Healthy Activities for Children

Often it’s easy to give children a bad reputation for being unhealthy and they (and their parents) are often scrutinized for spending too long on tablets, consoles or in front of the television. Children do, however, love activities that are healthy! Here are some great ideas for activities that children will love.

Healthy fun and games – physical activities

Being physically active is really important for children’s health and it helps regulate their emotional health too. Here are a few physical activities for children of all ages to enjoy.


A simple game that you can play with a few children and a soft ball. The aim of the game is to eliminate players by hitting them with the ball below their shoulders. Players are eliminated from the game if the other team catches the ball that they throw, if they are hit by the ball below the shoulders, if they hit another player with the ball above the shoulders or if they cross the centre line.

Red Rover

For this game,  you need at least six children in two equal teams. The team members stand opposite each other and form a chain. One team starts by saying “Red Rover Red Rover send “player’s name” over.” The player then has to try and break the chain of the opposing team. If they are successful, he may capture either of the two players whose chain broke and bring them to his team. If he is unsuccessful, he has to join the opposing team. The game is over when all players are on one team.


For hopscotch, you need chalk and a different marker for each person. This can be a stone, a bottle top or a button, for example. Using the chalk you need to draw a hopscotch pattern on the floor (you can find an image to copy on the Internet).

The first player throws his/her marker into square number one. He/she then hops over this square onto square two, all the way to the end and back again. He/she stops in square two, picks up his/her marker, hops in square one and then ends the turn. The game continues by throwing the marker into square two, then square three, etc. getting more difficult the further away the squares are.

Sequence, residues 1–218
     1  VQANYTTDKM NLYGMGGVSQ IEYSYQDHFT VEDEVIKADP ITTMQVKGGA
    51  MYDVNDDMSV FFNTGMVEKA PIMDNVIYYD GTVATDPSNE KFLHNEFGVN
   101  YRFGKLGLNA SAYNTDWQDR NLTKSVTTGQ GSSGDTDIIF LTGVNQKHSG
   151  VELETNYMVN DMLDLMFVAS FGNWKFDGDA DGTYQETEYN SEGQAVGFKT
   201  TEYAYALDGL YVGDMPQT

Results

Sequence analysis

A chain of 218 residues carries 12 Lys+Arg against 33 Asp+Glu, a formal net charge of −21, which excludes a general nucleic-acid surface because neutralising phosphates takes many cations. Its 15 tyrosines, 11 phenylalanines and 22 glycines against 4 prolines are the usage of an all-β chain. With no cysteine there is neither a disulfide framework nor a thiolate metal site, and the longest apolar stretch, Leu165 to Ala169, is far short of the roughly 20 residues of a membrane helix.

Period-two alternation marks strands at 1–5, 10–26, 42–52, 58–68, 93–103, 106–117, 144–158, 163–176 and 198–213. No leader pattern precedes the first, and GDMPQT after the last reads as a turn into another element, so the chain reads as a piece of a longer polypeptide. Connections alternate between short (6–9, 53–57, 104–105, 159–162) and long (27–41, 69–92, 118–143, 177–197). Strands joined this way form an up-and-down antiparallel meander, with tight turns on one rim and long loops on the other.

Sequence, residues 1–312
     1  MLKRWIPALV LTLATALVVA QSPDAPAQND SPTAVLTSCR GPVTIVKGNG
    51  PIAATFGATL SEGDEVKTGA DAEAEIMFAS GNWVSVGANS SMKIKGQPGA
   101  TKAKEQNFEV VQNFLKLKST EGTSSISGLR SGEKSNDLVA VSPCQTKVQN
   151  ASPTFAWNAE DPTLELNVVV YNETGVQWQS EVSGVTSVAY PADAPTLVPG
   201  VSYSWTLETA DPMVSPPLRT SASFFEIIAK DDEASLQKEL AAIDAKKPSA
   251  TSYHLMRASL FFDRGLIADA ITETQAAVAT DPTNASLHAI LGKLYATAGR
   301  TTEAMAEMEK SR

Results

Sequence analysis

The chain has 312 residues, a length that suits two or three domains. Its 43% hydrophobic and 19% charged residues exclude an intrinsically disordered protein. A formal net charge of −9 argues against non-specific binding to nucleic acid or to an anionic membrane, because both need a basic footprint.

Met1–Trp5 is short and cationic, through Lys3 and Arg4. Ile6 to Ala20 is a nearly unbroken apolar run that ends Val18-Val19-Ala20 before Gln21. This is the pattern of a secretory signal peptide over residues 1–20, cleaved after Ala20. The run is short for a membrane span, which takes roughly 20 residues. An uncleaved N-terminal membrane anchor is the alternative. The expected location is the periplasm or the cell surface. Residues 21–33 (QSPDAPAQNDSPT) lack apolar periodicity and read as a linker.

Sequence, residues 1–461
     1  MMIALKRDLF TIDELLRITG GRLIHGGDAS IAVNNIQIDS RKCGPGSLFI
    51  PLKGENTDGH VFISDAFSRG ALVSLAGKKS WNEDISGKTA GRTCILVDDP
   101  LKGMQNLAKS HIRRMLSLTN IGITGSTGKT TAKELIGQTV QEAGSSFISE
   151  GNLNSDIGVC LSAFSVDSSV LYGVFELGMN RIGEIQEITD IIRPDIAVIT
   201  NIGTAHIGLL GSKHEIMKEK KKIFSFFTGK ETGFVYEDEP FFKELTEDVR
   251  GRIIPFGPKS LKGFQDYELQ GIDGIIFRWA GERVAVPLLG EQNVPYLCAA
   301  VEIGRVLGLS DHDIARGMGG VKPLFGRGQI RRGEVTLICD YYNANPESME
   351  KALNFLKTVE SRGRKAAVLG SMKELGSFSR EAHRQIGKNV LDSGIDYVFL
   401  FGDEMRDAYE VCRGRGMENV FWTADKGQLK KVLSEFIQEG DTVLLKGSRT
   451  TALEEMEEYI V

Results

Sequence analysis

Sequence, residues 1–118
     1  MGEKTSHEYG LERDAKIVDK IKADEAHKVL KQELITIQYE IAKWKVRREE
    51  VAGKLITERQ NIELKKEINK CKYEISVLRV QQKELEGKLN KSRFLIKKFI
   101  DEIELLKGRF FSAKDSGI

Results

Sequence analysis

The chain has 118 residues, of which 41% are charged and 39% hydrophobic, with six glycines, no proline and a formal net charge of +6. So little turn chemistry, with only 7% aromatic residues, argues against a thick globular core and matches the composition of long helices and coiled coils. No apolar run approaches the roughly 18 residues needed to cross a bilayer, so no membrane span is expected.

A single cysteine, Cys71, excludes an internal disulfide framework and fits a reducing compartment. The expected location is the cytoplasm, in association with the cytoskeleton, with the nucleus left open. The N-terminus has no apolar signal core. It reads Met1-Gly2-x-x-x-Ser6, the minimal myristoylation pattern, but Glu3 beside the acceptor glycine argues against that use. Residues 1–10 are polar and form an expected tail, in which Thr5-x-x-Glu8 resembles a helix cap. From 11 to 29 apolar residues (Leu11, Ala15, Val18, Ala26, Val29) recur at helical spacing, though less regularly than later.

Players must hop on one foot unless the grid has number squares side by side, in which case, players can land on two feet, one in each.

A player is out of the game if their marker doesn’t land in the right square, if he/she steps on a line, if he/she loses balance when picking up the marker or if he/she puts more than one foot down in a square. He/she is also out if he/she doesn’t hop over a square that contains a marker. When each player finishes their turn, they place their marker in the square they will start on for their next turn.

Healthy food-based activities

These activities are all to do with experimenting with food. Often, children need to be involved with food and understand more about food for them to be willing to try new things.

Experiment with celery

Place a stalk of celery into a clear container like an empty bottle or jar. Fill the container to about three-quarters full with coloured water. Make this will a drop or two of food colouring. Leave the container and celery for a few days and see what happens. The celery will drink the water! You can also try this with different plants for example, with a white flower. Afterwards, you can carefully cut the celery or the plant’s stem and see what it looks like inside. You can link this activity to the human body and our need for water. You can go further with this and explain about artificial colours in drinks and foods.

Experiment with a salty potato

For this experiment, you need to cut one potato in two. Using two small dishes, place salt and water in one and just water in the other. Label them so that you know which is which. Place each potato piece face down into each dish and observe what happens over the next 30 minutes. The potato in the salty water will shrivel because the salt draws water out of the potato. You can discuss how salt affects the human body.

Fun with different coloured foods – traffic light fruit kebabs

For this activity, you’ll need red fruits like raspberries, strawberries or plums, orange fruit like oranges, melon or papaya, and green fruit like grapes, kiwi or apple. You will also need wooden skewers or toothpicks.

Firstly, cut the fruit into chunks that will be easy to place on a skewer then let children create their own traffic light fruit stick.

You can discuss how it is best to eat a variety of fruits and vegetables that are different colours and why.